The notion of islands as natural test beds of evolution is nearly as old as the theory itself. The restricted scale, isolation, and sharp boundaries of islands create unique selective pressures, often to dramatic effect. Following what's known as the "island rule," small animals evolve into outsize versions of their continental counterparts while large animals shrink. Giant tortoises and iguanas still inhabit the Galpagos and a few other remote islands today, but only fossils remain of the dwarf hippopotami, elephants, and deer that once lived on islands in Indonesia, the Mediterranean, and the Pacific Ocean. The fossil record suggests that these size changes occur rapidly after species become isolated on islands, but this long standing assumption has never been empirically examined in a systematic manner. Now, in a new study published in PLoS Biology, Virginie Millien confirms that island species undergo accelerated evolutionary changes over relatively short time frames, between decades and several thousand years.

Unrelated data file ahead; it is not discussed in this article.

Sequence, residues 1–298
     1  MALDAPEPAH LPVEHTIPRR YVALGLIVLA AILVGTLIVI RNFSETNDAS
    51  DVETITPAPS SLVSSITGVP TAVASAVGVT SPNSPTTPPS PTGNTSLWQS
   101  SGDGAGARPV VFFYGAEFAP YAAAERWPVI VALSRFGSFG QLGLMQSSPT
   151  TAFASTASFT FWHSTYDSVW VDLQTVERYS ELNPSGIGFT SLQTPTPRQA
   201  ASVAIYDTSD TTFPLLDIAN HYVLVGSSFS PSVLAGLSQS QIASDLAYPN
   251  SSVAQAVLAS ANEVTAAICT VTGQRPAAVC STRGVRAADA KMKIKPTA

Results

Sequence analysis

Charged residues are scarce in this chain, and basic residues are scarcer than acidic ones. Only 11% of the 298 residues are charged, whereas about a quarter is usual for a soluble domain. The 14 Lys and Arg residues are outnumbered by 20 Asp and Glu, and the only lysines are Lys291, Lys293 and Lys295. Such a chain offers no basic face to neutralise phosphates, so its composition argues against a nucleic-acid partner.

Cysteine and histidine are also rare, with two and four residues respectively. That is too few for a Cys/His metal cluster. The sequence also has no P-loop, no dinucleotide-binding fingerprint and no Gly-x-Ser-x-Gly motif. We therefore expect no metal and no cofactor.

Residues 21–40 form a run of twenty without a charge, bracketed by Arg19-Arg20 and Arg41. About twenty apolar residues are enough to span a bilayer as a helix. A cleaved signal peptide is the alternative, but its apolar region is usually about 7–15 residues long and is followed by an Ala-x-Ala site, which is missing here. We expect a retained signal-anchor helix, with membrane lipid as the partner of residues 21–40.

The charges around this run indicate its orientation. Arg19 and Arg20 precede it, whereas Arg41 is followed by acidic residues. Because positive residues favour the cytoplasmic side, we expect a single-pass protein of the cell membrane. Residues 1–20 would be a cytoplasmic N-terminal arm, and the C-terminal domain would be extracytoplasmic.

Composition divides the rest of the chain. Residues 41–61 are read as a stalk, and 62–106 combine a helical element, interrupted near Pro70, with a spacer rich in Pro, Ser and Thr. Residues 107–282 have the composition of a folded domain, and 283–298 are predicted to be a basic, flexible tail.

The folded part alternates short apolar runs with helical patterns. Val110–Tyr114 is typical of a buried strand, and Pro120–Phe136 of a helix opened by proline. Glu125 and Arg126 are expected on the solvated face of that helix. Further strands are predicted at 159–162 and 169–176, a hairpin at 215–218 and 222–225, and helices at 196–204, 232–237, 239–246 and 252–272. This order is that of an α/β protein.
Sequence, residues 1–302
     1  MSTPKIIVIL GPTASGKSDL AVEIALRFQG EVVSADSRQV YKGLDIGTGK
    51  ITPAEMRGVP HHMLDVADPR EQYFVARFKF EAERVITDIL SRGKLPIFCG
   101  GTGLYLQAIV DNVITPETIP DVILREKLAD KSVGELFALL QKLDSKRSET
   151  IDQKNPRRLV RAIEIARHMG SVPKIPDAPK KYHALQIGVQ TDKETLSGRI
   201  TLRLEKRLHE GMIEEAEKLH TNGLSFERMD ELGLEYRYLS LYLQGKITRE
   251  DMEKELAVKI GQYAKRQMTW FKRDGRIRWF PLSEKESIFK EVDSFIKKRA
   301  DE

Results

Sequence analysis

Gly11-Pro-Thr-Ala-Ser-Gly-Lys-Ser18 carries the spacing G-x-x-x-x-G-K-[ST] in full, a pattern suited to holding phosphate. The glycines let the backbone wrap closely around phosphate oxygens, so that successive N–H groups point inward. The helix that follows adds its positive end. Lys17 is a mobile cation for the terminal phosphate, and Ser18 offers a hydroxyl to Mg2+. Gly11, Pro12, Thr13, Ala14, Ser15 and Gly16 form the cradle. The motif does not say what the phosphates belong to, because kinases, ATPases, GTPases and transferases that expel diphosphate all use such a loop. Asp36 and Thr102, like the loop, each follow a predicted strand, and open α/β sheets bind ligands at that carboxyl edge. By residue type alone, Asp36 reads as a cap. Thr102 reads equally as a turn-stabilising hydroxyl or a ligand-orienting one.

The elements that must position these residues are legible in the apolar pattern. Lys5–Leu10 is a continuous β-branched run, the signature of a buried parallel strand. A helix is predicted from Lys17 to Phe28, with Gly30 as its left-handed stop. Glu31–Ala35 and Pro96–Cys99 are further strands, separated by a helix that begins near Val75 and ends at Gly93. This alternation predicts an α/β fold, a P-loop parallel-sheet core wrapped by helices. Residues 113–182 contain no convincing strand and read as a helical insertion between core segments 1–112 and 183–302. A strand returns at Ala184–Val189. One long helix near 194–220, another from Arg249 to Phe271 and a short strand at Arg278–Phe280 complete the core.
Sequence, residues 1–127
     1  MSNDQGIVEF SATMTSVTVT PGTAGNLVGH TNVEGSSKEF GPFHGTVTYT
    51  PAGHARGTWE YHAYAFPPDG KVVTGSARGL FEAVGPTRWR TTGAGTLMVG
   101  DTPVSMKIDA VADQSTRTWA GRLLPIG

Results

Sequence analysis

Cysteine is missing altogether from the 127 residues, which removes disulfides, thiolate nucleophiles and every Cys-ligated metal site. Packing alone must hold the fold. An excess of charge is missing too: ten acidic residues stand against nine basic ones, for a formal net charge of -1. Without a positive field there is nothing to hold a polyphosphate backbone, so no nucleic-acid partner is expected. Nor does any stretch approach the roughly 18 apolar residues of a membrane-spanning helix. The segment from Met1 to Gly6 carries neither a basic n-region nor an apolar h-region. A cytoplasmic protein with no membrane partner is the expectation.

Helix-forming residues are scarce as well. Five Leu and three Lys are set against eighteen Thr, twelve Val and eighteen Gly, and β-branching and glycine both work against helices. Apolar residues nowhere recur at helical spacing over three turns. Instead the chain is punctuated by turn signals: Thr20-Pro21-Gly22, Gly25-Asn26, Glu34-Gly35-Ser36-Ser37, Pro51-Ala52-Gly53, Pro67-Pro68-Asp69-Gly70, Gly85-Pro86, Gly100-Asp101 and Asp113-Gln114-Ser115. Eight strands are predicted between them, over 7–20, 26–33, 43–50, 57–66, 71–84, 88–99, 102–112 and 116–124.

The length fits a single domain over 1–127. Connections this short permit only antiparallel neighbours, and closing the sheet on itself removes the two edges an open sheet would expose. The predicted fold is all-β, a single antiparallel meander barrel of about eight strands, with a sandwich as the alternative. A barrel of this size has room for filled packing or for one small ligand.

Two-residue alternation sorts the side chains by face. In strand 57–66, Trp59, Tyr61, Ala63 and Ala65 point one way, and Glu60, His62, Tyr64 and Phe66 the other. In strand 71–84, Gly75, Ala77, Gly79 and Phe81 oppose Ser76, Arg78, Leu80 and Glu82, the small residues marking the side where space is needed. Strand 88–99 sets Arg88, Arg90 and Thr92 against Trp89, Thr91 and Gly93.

Millien collected data from text, figures, and tables in an extensive survey of the published literature. From these datasets, she calculated a total of 826 evolutionary rates for 170 populations representing 88 species. Rates of evolutionary change, she found, decreased over time for both island and mainland species, with a slower rate of decrease for island species. The differences in evolutionary rates between island and mainland pairs also decreased over time, becoming statistically insignificant for intervals over 45,000 years. Overall, island species evolved faster than mainland species--a phenomenon that was most pronounced for intervals between 21 years through 20,000 years.
The finding that mammals evolve faster on islands, Millien argues, comports with the island evolution theory prediction that mammals respond to their new island homes with rapid morphological and size adaptations. The brisk pace of these changes may expla
Contact: Natalie Bouaravong
Public Library of Science